About West Bengal Handicrafts

West Bengal is home to large varieties of handicraft items, which are scattered mostly in the rural areas of different districts of West Bengal. These crafts are Terracotta, Dhokra, Brass & Bell-metal, Conch & sea shell work, Wood carving, Horn crafts, Sholapith, Lac products, Cane & Bamboo crafts, zari work, mask, artistic leather, jute –handicrafts, mat, embroidery, kantha stitch, hand batik, fabric painting, pata-chitra among other things:

1. Terracotta Artefacts :

  • Terracotta, also known as baked earth is a clay based ceramic. Terracotta has been employed as an art medium since ancient times in cultures throughout the world. The natural clay of its composition gives the terracotta its characteristic orange-brown or reddish-brown color. Depending on the clay, the color will vary, but it may also be readily found in yellow, gray, or other shades.
  • An appropriate refined clay is formed to the desired shape. After drying it is placed in a kiln or atop combustible material in a pit, and then fired. The typical firing temperature is around 1,000 °C. The iron content gives the fired body a yellow, orange, red, grey or brown color. Fired terracotta is not watertight, but surface-burnishing the body before firing can decrease its porousness and a layer of glaze can make it watertight.
  • As a pottery material, terra cotta has a long history that stretches back to the period of 3000 B.C. to the ancient site of Mohenjodaro and areas of Mesopotamia. Though the earliest bricks made of clay were left to bake in the sun, objects were eventually fired as a true ceramic for a variety of uses that include functional items like pitchers and pots to funerary statues that were placed in tombs. Though widely used in Mesopotamia and later by Europeans and Pre-Columbian peoples of the Americas, the Chinese used terracotta extensively. One of the most astounding works of terra cotta is the terra cotta army of Chinese Emperor Qin Shi Huang. As an art medium, terra cotta has long been favored as a sculpting and ceramic material because it is easy to mold and is an easily procured natural material. Though a staple of ancient art design, terra cotta is still widely used around the world as an art medium today In modern India, Terracotta is a very popular item for producing a variety of crafts including Jewellery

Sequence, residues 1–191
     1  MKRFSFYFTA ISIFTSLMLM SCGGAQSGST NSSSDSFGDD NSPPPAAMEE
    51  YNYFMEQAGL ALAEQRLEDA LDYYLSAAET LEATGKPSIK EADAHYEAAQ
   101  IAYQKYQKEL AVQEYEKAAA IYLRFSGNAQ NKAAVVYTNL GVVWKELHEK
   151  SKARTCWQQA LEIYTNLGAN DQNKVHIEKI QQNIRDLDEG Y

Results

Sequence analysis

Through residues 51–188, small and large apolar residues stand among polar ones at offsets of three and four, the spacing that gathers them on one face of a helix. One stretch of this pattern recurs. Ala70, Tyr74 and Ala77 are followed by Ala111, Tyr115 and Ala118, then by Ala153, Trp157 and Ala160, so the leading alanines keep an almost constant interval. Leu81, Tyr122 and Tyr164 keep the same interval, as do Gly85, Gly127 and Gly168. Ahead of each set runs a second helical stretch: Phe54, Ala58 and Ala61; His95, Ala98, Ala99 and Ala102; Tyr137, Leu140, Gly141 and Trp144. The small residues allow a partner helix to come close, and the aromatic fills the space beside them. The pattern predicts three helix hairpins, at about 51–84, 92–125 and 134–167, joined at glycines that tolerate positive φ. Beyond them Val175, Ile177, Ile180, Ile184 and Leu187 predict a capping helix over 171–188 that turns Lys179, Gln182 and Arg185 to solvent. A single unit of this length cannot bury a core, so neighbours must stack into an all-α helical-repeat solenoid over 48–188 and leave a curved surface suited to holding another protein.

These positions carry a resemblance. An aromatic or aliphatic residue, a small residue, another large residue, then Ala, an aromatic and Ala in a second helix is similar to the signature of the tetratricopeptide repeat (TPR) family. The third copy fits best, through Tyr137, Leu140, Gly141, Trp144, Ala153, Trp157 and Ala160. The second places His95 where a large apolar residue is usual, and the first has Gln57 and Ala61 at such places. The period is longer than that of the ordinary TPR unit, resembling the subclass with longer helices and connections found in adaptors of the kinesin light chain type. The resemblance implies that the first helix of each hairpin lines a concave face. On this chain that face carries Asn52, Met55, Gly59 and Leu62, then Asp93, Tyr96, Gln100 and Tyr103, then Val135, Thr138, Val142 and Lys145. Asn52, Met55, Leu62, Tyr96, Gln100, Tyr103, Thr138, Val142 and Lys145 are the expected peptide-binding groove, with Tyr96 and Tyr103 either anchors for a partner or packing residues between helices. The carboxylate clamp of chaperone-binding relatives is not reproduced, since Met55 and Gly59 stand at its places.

2. Dhokra Metal Crafts :

  • Dhokra is non–ferrous metal casting using the lost-wax casting technique. This sort of metal casting has been used in India for over 4,000 years and is still used. The product of dhokra artisans are in great demand in domestic and foreign markets because of primitive simplicity, enchanting folk motifs and forceful form. Dhokra horses, elephants, peacocks, owls, religious images, measuring bowls, and lamp caskets etc., are highly appreciated.
  • The process consists of developing a clay core which is roughly the shape of the final cast image. The clay core is then covered by a layer of wax composed of pure bee’s wax, resin from the tree Damara orientalis, and nut oil. The wax is then shaped and carved in all its finer details of design and decorations. It is then covered with layers of clay, which takes the negative form of the wax on the inside, thus becoming a mould for the metal that will be poured inside it. Drain ducts are left for the wax, which melts away when the clay is cooked. The wax is then replaced by the molten metal, often using brass scrap as basic raw material. The liquid metal poured in hardens between the core and the inner surface of the mould. The metal fills the mould and takes the same shape as the wax. The outer layer of clay is then chipped off and the metal icon is polished and finished as desired.
  • Dhokra Damar tribes are the traditional metal smiths of West Bengal. Their technique of lost wax casting is named after their tribe, hence Dhokra metal casting This crafts form is practised in states like Chattisgarh, Jharkhand, Westbengal and Orissa.

3. Sholapith :

  • Shola pith is a dried milky-white spongy plant matter which can be pressed and shaped into delicate and beautiful objects of art. It is an herbaceous plant, which grows particularly in the marshy areas of Bengal, Assam, Orissa and the Deccan. This water plant grows in lakes , ponds and wet lands and is partly submerged in the water. The outer skin is brown and is peeled off to use the soft portion from the core. The core is sliced into strips, which can be shaped according to the artist`s imagination. The process is simple, but the craftsmanship requires a steady hand and great skill almost similar to thermocol, which is artificially produced, sholapith is much superior to thermocol in terms of malleability, texture, lustre and sponginess. Traditionally sholapith products were used in decorating Hindu idols and in creating the headgears of brides and grooms for a traditional Bengali wedding. In more recent times, sholapith handicrafts have found a wider application in home décor and other items.

4. Baluchari Sarees :

  • Baluchar Saree is a type of saree, which originated in Bengal and is known for depictions of mythological scenes on the pallu of the sari. It is mainly produced in Murshidabad and producing one saree takes approximately one week or more. The Baluchari Sari has been granted the status of Geographical indication in India.

5. Cane and Bamboo:

6. Conch and Shell craft:

7. Horn Craft:

8. Wood Carvings